photo by Shaun Benson

This is a big thing to say considering the consistently critically beloved status of Toronto’s Coal Mine Theatre since its bombastic debut with The Motherfucker with the Hat back in 2014 but I’m pretty confident that Superior Donuts is the best thing the Indie 2.2 company has ever produced. At least it’s my favourite. Tracy Letts’ Chicago-set script is an intellectual everyman story about special nobodies, a hilarious tragedy with a feel-good ending, a two-hander with a cast of nine, a fast-talking slowburn. It’s a contradictory masterpiece that aptly captures the juxtapositional ridiculousness of humanity with a simple odd couple setup in a broken down old donut shop. Ted Dykstra’s direction trends occasionally too broad for my taste but the unshakeable humanity of Robert Persichini’s stuck, stubborn protagonist Arthur Przybyszewski holds everything in place. Into Arthur’s comfortable if unhappy world comes the sort of supernova kid for whom comfortable is not an option. As confrontational optimist Franco Wicks, Nabil Rajo gives the shiniest performance of the year, perfectly marrying the character’s one-of-a-kind potential and ultimate just-a-kid-ness. Ryan Hollyman’s pompous but cowardly antagonist, Jon Lachlan Stewart’s intriguingly off-kilter enforcer, Diana LeBlanc as a forgotten woman, and Darla Biccum & Michael Blake as a pair of kind local cops round out the top-notch ensemble (Blake, by the way, is one of only 3 or 4 actors in the country whom I’ve never seen be anything but fantastic onstage; his consistency deserves far more recognition).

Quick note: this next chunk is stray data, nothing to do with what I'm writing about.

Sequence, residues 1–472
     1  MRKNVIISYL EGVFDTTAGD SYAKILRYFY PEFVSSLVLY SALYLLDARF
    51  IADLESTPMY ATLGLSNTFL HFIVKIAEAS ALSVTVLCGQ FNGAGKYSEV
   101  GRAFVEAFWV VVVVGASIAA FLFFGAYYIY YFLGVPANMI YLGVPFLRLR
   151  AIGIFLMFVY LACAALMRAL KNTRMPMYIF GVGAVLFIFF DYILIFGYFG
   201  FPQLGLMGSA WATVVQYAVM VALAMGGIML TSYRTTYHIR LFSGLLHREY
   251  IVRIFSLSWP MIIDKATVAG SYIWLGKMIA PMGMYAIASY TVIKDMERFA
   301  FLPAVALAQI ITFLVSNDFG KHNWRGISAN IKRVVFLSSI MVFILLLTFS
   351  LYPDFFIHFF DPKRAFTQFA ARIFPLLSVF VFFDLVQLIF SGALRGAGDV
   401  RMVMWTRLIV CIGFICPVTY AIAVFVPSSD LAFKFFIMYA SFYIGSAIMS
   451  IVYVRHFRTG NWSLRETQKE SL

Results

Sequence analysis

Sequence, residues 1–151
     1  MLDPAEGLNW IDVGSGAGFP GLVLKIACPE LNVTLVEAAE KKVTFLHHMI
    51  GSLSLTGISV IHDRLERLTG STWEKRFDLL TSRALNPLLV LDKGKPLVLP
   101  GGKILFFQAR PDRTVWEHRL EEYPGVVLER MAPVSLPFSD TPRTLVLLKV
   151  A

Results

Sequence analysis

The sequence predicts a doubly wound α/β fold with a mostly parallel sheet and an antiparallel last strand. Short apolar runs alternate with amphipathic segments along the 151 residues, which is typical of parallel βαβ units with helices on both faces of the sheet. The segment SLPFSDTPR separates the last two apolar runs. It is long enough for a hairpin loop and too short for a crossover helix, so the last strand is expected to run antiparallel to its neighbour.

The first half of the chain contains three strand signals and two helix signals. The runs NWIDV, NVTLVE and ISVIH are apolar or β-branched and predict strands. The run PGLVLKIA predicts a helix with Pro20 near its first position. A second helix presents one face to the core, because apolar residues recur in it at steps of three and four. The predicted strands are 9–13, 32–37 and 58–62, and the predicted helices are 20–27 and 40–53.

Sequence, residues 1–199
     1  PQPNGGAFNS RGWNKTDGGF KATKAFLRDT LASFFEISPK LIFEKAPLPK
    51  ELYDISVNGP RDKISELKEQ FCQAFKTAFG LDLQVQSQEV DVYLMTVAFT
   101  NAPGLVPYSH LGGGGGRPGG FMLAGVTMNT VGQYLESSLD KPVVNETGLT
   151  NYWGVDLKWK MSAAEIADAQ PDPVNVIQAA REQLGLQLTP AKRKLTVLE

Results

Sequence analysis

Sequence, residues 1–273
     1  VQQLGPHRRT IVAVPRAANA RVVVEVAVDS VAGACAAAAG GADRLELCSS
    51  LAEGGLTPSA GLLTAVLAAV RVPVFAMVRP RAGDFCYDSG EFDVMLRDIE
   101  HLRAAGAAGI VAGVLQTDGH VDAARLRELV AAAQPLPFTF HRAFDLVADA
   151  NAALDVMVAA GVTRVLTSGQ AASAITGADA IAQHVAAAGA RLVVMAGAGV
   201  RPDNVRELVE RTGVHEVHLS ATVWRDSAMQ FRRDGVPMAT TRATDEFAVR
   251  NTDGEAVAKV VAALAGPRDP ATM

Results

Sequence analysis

In a too-perfect encapsulation of everything that’s wrong with network television right now, CBS premiered their new adaptation of Superior Donuts about a week before the Coal Mine opened their version of the play. They’ve made Arthur older and his love interest younger (and hotter- she’s Katey Sagal and there’s now a 20 year age difference), turned literature into street art for no real reason (I guess it’s more visual? Nevermind how much Arthur’s character loses when you take away the detail of how many hours he’s spent reading), taken out the looming threats and racial complications of Letts’ text (the pilot has zero emotional stakes), and turned a comic relief European character into a smarmy Iraqi immigrant (because lazy jokes about the middle east are exactly what we need right now). Someone at CBS saw a brilliant piece of modern American drama and decided to add some “millenials are the worst” jokes and a laugh track. I’m sadly not even joking when I say I suspect that this was greenlit based on this basic pitch: “we’ll pair it with Two Broke Girls– cupcakes and donuts, makes perfect sense!”. I love TV. I studied TV in University. This site started with the TV branch. But at times like this I thank my lucky stars that I can turn off my TV and go to the theatre.